Since Terry Murray's firing on Monday, finding a permanent coach was on the top of GM Dean Lombardi's priority list. While John Stevens took over on an interim basis, only one name was brought to anyone's attention and that name was Darryl Sutter.

 

After days of speculation, Darryl Sutter has officially been signed to a multi-year contract as the new head coach of the Los Angeles Kings. Due to immigration issues, however, Sutter cannot join the team immediately and, as a result, won't be introduced as the new coach until Tuesday or Wednesday of next week. Until then, John Stevens will continue serving as the interim coach for Los Angeles' remaining two games on this road trip in Detroit and Toronto before returning home.

 

It shouldn't really be a big surprise that Lombardi has been pursuing Sutter. After all, Sutter was Lombardi's coach for five years in San Jose where the Sharks made it past the first round twice, yet failing to advance past the second round before both men got relieved of their duties early in the 2002-03 season. This change better mean wins for the Kings otherwise both Lombardi and Sutter will be getting a major case of deja-vu.

 

Nonetheless, Darryl Sutter is the new man in Los Angeles becoming the 24th bench boss in franchise history. In 860 career games, Sutter has amassed a record of 409-320-101-30 to go along with a record of 47-54 in 101 career playoff games.

 

In his 11 years of coaching, Sutter has guided his team to the playoffs ten times, making the conference final twice and the Stanley Cup final once while (dubiously) been eliminated from the first round six times. The latter really isn't making anyone in Los Angeles head over heels for the new coach.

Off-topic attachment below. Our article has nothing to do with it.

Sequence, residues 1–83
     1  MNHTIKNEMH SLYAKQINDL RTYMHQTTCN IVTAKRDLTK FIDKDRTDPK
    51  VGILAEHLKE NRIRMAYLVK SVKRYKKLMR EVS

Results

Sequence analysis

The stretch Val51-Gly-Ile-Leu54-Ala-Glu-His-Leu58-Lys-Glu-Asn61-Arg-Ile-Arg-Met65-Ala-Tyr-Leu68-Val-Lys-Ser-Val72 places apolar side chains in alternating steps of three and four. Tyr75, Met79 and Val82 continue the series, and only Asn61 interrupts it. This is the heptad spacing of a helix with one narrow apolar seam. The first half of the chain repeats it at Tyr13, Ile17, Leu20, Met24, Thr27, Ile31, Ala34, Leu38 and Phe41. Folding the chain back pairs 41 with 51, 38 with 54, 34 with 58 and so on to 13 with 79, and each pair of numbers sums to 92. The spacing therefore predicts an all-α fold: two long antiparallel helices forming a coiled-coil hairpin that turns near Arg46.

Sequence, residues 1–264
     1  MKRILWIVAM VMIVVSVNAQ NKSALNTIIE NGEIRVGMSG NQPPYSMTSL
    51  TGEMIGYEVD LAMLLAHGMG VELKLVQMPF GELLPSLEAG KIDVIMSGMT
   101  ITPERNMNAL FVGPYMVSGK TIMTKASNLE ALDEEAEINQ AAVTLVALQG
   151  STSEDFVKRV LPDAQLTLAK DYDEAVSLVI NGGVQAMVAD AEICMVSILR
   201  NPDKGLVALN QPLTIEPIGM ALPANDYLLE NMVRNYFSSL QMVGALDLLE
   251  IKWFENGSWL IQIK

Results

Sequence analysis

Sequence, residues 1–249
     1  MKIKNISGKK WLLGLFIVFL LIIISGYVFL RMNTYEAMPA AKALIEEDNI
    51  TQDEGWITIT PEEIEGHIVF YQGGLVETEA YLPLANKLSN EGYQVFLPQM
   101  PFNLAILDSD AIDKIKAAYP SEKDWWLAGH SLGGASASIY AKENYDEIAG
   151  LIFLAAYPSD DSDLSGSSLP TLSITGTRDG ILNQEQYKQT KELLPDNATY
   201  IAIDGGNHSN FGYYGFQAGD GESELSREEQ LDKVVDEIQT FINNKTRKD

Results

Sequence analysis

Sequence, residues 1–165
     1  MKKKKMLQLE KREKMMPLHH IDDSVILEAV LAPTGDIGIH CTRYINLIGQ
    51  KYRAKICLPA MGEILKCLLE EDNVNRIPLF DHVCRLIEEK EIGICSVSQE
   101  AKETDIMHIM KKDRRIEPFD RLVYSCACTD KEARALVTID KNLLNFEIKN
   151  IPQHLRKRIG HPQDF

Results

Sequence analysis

Sutter, however, is known for turning a subpar Calgary Flames team into a contender, which began shortly after his arrival. In 2003-04, he took a team of Jarome Iginla, Craig Conroy and a number of unproven players in front of former backup Miikka Kiprusoff and took the Flames to within one game of winning hockey's ultimate prize.

 

Some fans like the decision while others are skeptical, believing that hiring Sutter will just be more of the same. Whatever the case may be, we'll just to see how Darryl Sutter fares with his new team and, more importantly, how the players will react to him.

 

Sutter and Lombardi's time in San Jose didn't equate to much playoff success but the team did improve in each of the five seasons that Sutter was behind the bench and their work was just the beginning of the contending force that the San Jose Sharks have been for nearly a decade, regardless how they fare in the post-season.

 

We can look at the hiring of Darryl Sutter any way we want to do but his past speaks for itself. It's just up to the individual to take their pick as to whether they want to focus more on the regular season success or the playoff woes.

 

Only time will tell as to how Darryl Sutter will fare in Los Angeles. We can only hope for the best.

 

 

 

Photo: Courtesy of Dave Sandford/NHL via Getty Images

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